Issues of Today
Politics - How it Works
- Political Parties: Do We Really Need Them? – Lesson
- The Federalists: America’s First Political Party – Lesson
- The Federalists: America’s First Political Party – Quiz
- Democratic-Republican Party: Champions of Republicanism – Lesson
- The Democratic Party: Origins, Policies, and People – Lesson
- The Republican Party: The Grand Old Party – Lesson
Political Ideas and Ideologies
Today’s Protesters Should Learn From MLK – Lesson
The civil rights leader of the past pushed for peace, not violence.
We’ve had a lot of protests lately, and in many of them, the cry has been “no justice, no peace.” Simply put, it means the protesters promise to continue their aggressive dissent until their demands are heard and action is taken. But what if the opposite is true? What if justice in a free nation cannot be achieved without peace?
President Richard Nixon proved with his victory in 1968 – and a follow-up landslide in 1972 – what is still true today: People want safety more than anything, and will vote for a candidate who promises to deliver it. Nixon, like Trump today, responded to the growing violence in the anti-Vietnam War movement with a platform of pure law and order, overriding many other issues of the time.
If people don’t feel safe leaving their homes, little else matters.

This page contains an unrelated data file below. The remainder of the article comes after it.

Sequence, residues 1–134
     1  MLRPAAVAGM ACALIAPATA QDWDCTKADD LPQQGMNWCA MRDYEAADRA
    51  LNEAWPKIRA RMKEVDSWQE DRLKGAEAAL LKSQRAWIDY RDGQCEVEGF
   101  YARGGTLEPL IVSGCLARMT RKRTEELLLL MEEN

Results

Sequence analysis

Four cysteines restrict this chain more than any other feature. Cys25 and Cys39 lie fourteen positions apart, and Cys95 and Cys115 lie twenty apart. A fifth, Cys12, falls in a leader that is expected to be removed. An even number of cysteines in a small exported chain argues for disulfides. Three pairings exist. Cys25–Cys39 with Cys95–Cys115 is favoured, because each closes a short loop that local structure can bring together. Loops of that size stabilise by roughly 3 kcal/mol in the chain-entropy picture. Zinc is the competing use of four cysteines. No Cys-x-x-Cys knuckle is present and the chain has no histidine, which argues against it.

In any democratic form of government, those who offer radical change must make their case before the voters. Our republic was designed by the Framers of the Constitution to achieve systemic reform only when widespread support is achieved among the American people. We have been blessed with a system of governance specifically designed to cool the passions of the day through shared and balanced power granted to the president, Congress, and the courts.
It was not designed to produce change by the barrel of a gun.
To the extent Martin Luther King Jr. succeeded in changing the hearts and minds of average Americans, it was by pushing his followers to seek peace, not violence. He recognized that if there is a righteous message accompanied by violent mobs, people will remember the mobs and forget the message.
If those with a true interest in racial justice wish to succeed, they must separate themselves from the insurrectionists acting in their name who have caused only fear and destruction. Otherwise, their efforts will amount to nothing.
After the riots that decimated Kenosha, Wisconsin, one woman voter captured the sentiment: “I’m not going to remember them for anything they said,” she said of the protesters. “I’m going to remember them for what they did to their own city.”